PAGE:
The Chaves County Sheriff’s Office is asking area businesses to be on the lookout for any counterfeit currency, after deputies found some during a traffic stop Saturday.
Charles Yslas, chief deputy with the Sheriff’s Office, said businesses should double-check any currency they receive — especially $20s, $50s and $100s — to make sure they are not counterfeit.
“We are asking businesses, if they have any kind of counterfeit bills that have come in through their business, to please contact us,” he said.
The U.S. Treasury Department, which handles investigations into counterfeit currency, will be contacted.
Counterfeit money was reported Saturday evening at about 8 p.m. when a deputy responded to a call from the Dollar General store in the 5000 block of South Main Street, in reference to a possible counterfeit $50 bill, Yslas said.
The deputy, during the course of an investigation, watched a surveillance video that showed a female attempting to use the counterfeit $50 bill to purchase two small items.
Yslas said that a bulletin was issued for a gray older-model vehicle that the woman was seen getting into on the surveillance video.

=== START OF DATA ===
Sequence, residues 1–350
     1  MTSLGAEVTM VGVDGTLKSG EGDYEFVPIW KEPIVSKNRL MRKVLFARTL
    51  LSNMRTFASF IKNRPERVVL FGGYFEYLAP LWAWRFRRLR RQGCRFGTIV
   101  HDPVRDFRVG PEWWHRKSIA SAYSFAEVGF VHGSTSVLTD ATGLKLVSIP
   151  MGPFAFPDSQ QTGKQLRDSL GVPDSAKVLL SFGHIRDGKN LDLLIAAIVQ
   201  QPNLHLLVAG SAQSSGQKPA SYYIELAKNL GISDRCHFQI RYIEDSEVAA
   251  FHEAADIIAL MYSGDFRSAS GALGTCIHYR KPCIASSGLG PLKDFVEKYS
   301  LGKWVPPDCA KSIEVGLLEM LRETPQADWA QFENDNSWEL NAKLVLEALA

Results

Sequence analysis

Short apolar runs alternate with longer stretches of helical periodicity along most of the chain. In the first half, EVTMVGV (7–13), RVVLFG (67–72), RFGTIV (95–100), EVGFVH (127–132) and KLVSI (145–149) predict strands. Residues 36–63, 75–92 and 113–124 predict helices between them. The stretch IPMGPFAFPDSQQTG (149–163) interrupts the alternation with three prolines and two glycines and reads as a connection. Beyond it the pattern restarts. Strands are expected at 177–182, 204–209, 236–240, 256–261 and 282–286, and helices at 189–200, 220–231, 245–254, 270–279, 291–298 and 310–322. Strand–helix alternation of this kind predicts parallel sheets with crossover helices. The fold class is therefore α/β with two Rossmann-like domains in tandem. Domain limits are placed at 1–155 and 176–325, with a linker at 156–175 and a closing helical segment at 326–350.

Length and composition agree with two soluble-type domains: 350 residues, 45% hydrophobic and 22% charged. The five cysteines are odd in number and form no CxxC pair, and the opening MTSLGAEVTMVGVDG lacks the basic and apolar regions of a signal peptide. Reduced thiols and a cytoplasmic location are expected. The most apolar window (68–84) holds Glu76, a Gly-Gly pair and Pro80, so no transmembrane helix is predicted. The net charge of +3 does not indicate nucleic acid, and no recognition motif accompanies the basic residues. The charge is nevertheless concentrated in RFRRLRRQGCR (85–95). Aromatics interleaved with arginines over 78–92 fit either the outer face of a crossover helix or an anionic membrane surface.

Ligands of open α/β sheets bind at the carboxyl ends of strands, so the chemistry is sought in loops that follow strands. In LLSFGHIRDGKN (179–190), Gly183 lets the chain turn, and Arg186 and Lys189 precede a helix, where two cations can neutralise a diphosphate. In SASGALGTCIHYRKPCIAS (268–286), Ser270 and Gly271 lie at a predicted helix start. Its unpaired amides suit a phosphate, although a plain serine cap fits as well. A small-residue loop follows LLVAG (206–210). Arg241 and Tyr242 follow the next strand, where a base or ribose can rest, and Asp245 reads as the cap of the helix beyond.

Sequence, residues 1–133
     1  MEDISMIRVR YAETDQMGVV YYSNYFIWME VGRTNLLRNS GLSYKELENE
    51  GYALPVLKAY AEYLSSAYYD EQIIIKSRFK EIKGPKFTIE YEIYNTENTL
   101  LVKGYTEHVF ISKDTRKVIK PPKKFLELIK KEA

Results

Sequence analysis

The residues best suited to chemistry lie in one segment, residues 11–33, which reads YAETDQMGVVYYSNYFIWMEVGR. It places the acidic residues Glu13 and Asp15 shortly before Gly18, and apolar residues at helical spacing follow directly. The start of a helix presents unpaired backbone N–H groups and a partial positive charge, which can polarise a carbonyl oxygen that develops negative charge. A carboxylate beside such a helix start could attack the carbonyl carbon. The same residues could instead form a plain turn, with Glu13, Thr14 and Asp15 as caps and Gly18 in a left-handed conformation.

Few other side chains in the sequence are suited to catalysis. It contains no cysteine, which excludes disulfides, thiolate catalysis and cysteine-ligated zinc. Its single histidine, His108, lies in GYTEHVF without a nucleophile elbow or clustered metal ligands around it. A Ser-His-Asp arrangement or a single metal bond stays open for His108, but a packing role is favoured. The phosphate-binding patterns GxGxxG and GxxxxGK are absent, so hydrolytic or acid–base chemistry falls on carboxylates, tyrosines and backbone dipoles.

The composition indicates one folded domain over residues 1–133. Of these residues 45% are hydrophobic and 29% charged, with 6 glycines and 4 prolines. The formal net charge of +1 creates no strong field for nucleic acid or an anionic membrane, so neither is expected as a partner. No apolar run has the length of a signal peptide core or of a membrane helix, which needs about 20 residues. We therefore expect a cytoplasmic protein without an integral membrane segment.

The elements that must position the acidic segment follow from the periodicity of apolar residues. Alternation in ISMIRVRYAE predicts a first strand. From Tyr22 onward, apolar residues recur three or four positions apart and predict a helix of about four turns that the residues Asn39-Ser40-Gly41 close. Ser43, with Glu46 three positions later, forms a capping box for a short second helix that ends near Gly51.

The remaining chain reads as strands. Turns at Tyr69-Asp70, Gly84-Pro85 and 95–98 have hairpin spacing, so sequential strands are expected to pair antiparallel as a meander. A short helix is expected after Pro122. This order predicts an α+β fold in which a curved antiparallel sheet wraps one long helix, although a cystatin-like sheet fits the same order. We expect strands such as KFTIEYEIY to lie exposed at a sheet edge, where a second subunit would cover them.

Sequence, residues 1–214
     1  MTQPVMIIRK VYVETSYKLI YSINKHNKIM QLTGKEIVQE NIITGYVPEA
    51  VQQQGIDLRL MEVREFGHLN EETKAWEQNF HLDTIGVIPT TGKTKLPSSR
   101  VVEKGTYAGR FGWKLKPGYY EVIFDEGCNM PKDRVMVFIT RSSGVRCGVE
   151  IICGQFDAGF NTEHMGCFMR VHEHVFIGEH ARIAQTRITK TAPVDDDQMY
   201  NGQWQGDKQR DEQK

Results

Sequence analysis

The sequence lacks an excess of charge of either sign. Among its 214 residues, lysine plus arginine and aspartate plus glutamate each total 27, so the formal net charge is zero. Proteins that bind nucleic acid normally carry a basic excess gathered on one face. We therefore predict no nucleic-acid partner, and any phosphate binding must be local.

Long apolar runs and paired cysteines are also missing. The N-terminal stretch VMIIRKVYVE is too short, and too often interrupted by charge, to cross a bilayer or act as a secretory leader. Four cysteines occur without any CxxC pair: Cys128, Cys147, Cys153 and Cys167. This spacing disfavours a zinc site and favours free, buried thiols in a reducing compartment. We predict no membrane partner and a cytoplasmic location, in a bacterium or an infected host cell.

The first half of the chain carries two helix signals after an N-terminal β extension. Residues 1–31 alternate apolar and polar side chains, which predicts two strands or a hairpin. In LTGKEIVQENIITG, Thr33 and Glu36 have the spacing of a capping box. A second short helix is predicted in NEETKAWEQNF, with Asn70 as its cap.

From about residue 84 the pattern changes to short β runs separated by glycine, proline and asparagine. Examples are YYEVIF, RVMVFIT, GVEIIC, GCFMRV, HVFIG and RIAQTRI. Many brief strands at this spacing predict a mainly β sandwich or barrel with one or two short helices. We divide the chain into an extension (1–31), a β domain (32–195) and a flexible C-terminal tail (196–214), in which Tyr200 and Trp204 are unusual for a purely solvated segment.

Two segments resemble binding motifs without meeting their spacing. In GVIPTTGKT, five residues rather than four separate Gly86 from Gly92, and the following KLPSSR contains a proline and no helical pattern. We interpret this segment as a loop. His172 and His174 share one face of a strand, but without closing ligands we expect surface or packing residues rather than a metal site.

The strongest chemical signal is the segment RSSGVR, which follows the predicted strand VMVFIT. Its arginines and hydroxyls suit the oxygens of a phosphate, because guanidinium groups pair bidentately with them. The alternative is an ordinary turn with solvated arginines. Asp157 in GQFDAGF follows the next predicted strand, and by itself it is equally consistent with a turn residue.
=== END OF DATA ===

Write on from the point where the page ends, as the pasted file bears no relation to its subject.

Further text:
A short time later, Yslas spotted and then stopped a vehicle matching the description. The deputy who responded to the call at Dollar General then went to the scene and identified the driver of the vehicle as the female in the surveillance video.
More law enforcement then arrived at the scene. Deputies and officers then found one counterfeit $50 bill and three $100 bills, Yslas said.
Yslas added he then advised deputies to stop searching, the vehicle was seized and a search warrant for the vehicle was obtained.
Receipts and items from several businesses that may have been purchased with the counterfeit money were also found in the vehicle.
The name of the female driver was not released because of the nature of the ongoing investigation. Yslas said he doesn’t know what charges will be filed against her, however, some of the charges she could face include fraud and a charge of possession of counterfeit currency.
Counterfeit money is reported occasionally in the area, and is getting harder to recognize. Though it looks like genuine money from a distance, Yslas said there are several features put on authentic currency by the U.S. Federal Reserve that cannot be reproduced, such as the texture of authentic bills and a security strip.
He said most businesses also use a system that helps identify counterfeit currency.
People who think they might have come across counterfeit currency are encouraged to contact the Sheriff’s Office at 575-624-6500.
Breaking news reporter Alex Ross can be reached at 575-622-7710, ext. 301, or at email@example.com.